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  • Print publication year: 2013
  • Online publication date: June 2018

5 - European projects and trends



Introduction: the library is the message

A remarkable amount of attention is being devoted to library design in Europe at present. Never before have libraries been designed with such dedication and quality. Although we are in the midst of an economic crisis, new, surprising and sometimes even iconic library buildings are being constructed in many places. These buildings can all be seen as attempts to redefine and redesign the library.

This redefinition is essential, as great changes in our society demand radically different approaches to library work. One force that has affected the core functions of libraries is the exponential development of information technologies, particularly the internet, which has become the place where people form their identity, maintain contacts and deploy initiatives. It is a platform where anyone can be an information producer, a writer, an expert, a musician or a film maker. Increasingly, knowledge is exchanged in the numerous communities that are built around themes and areas of interest. People share their experiences and add their own knowledge, making use of their social networks and internet sources to do so. The resultant information overload gives rise to a need for new values, interpretation and meaning. A new phase has begun: the ‘conceptual age’, as the author Daniel Pink (2006) describes it. It is an age in which right-brain qualities such as creativity, empathy, imagination, spirituality and the ability to make exciting connections will make all the difference.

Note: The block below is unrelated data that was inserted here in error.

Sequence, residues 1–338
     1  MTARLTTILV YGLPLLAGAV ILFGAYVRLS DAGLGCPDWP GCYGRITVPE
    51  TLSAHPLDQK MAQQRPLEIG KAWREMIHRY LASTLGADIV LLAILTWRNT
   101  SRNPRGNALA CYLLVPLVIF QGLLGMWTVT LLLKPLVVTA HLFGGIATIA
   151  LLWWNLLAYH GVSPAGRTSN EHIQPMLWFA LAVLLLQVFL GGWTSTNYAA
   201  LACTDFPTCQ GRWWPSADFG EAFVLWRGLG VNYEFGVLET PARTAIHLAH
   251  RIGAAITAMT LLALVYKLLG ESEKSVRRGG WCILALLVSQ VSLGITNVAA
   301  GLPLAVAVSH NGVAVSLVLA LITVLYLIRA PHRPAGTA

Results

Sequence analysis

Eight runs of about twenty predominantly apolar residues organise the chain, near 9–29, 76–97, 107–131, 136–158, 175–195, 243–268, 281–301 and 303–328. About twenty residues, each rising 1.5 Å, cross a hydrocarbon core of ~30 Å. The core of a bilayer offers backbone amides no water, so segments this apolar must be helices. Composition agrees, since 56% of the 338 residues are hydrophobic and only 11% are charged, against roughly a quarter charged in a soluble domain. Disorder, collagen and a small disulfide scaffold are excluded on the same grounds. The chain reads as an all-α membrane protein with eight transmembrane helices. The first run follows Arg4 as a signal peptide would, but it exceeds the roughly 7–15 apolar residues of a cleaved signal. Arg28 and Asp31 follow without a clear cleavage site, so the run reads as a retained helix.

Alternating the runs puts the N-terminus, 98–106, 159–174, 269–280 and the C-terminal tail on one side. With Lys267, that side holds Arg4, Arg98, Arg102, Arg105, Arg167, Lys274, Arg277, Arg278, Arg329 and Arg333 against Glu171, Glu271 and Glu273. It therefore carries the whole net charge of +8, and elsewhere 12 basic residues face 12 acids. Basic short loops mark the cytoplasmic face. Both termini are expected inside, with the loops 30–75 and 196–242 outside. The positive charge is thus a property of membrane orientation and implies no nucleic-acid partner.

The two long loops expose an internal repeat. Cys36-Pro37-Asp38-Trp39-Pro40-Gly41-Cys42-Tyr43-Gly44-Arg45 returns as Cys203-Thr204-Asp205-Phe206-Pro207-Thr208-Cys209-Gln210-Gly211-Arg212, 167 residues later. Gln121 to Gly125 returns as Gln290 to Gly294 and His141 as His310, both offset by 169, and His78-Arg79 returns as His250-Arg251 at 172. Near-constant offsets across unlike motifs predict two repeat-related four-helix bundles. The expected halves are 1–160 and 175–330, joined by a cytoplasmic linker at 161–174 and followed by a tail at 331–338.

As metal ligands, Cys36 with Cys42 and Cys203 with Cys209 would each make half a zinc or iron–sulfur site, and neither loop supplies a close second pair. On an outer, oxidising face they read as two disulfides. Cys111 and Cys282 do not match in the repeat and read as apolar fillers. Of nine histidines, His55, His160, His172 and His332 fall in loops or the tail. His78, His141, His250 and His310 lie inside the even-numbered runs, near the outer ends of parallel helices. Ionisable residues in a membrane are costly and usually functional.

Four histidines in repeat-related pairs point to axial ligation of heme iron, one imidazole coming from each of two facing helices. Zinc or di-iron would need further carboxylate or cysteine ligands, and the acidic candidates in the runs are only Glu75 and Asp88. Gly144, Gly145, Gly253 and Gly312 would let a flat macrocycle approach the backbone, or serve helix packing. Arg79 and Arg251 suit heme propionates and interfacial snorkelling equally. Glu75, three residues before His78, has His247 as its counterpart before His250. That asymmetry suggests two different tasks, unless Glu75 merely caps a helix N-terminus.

Traditional library processes, such as collection development and cataloguing, no longer provide an adequate response to these developments. The library will increasingly have to take on a co-ordinating and inspiring role in the process of knowledge creation and exchange. In an era of cocreation, the knowledge and expertise of users will be indispensable to this role. Libraries have to adapt their processes in such a way as to facilitate participation and co-creation. The real challenge is to manifest these processes in the library building of the future. How can we create the best environment for inspiration, learning, knowledge-sharing and storytelling?

To find answers to this question, we discuss four new libraries in the Netherlands and Germany. Each of these buildings was conceived on the basis of a specific vision regarding the function and meaning of the library; the vision was then translated into an exciting design.

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